Rural Bryan Co. residents protesting new school tax

By: Daniel Gotera Email
By: Daniel Gotera Email

BRYAN COUNTY, Okla. -- Durant Independent School District officials are anxiously awaiting an April 1 election to raise taxes to pay for a new high school, but several residents outside the city limits do not want that vote to take place, and are asking county officials to do something about it.

The idea of a new Durant High School sits well with most residents in the county. It's how officials plan on paying for it that's causing the problem.

When the Hollowells moved to rural Oklahoma back in 1993, worrying about sales tax increases within city limits was the last thing on their mind.

"We who live in rural Bryan County do not get to vote on that, but we have to pay it when we have to buy goods and services in the city of Durant," Hollowell says.

Since 2000, Jess Hollowell says the city of Durant’s sales tax figures have increased by 20 percent. Hollowell calls that ‘a big problem,’ because residents from around the county are going into the city to pay for goods at higher prices and do not reap any of the benefits.

Hollowell says if taxes go up again to pay for a new school, it just will make the situation worse for county residents.

"There are many schools in Bryan County and none of them get help from anybody else. The citizens of each community have to pay for their own schools," Hollowell says.

The Hollowells’ feelings are shared by others who live outside the incorporated area of the Durant. That’s why they want county commissioners to take action.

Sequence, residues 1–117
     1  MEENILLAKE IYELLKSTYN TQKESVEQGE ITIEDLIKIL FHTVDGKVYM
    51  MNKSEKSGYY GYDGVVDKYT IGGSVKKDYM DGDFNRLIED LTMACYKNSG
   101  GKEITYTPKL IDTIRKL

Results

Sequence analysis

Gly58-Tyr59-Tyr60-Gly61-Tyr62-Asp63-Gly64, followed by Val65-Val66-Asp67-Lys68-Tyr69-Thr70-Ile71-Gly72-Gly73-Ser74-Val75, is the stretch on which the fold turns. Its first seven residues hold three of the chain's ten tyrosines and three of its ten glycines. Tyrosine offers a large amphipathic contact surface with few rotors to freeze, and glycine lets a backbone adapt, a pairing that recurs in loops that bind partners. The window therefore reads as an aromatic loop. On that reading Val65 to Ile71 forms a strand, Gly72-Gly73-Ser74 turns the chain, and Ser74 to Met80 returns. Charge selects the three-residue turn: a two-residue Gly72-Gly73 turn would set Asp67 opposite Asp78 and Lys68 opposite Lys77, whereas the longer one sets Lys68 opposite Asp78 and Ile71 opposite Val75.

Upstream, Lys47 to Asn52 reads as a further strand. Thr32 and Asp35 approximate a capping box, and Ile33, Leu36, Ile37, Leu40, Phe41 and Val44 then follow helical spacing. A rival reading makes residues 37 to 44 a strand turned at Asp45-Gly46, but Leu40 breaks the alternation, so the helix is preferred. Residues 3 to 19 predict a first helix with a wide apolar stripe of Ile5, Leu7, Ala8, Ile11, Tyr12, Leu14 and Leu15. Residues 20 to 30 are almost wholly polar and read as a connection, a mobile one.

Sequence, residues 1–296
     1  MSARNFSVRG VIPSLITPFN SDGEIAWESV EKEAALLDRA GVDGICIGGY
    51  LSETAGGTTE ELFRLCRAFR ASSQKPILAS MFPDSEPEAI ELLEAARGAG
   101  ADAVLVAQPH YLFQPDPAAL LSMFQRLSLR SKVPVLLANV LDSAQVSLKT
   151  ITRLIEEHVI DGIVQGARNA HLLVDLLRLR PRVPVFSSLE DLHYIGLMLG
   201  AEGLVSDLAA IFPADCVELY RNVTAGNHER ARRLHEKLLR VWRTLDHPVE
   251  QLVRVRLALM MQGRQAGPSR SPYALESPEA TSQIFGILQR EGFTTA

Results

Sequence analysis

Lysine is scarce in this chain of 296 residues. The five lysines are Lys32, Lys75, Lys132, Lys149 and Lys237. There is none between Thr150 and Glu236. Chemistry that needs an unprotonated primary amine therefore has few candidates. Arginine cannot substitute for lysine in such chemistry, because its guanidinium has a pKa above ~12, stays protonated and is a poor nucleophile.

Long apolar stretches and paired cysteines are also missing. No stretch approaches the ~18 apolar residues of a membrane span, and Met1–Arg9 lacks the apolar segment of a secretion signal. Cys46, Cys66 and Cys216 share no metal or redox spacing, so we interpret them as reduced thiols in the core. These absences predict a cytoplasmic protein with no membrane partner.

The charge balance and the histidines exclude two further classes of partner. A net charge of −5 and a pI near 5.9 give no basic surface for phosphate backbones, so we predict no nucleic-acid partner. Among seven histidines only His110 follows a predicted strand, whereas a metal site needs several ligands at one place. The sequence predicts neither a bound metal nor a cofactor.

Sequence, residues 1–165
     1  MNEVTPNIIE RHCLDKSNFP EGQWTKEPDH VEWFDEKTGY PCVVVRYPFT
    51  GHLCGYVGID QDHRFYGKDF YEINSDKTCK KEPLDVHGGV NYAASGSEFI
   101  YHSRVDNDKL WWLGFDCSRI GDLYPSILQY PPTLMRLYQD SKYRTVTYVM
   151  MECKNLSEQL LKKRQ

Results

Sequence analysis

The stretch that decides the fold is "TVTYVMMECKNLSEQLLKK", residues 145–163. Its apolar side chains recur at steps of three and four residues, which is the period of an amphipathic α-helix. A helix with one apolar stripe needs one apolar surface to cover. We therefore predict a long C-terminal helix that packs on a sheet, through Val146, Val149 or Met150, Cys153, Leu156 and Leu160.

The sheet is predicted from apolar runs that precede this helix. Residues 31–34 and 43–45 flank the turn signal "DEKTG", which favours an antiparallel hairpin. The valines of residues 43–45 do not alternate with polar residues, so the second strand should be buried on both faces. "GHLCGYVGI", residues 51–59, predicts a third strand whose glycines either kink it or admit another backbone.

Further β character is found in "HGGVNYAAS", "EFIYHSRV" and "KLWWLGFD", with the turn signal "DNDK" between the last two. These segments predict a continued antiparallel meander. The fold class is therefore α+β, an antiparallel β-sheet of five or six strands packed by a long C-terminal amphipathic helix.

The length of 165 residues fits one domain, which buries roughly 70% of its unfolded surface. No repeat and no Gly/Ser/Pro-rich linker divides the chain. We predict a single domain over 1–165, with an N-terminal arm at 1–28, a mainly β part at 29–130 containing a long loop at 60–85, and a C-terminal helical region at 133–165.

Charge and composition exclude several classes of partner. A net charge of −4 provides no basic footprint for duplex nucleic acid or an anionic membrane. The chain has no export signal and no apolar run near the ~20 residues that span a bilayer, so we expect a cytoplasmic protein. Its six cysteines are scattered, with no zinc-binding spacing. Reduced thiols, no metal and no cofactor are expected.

District Two commissioner Ivan Kelly says 60% of the county's population lives outside Durant.

"We’ve had several people contacting us requesting that we take a stand," Kelly says.

Over the past couple of weeks, Kelly says he has received several phone calls from constituents who feel another sales tax increase would be unfair, so much so that if the increase passes, most residents who buy products in Durant say they will look south of the Red River for their goods.

"Those people tell me that I’m not going to come to Durant if this sales tax passes I’m just going to go buy my goods from Texas where the tax is cheaper and there is no sales tax on groceries."

Kelly says commissioners can only verbally oppose the election, but residents say that is enough. Just so folks inside the city know how the rest of the county feels.

"We're not questioning that they need a school or not. It’s how they pay for it and they need to do it the same way that Colbert, Bennington, Rock Creek, all these others pay for their schools," Kelly says.

Commissioners are scheduled to meet Friday morning to discuss the issue at the courthouse. The vote will take place on April 1.

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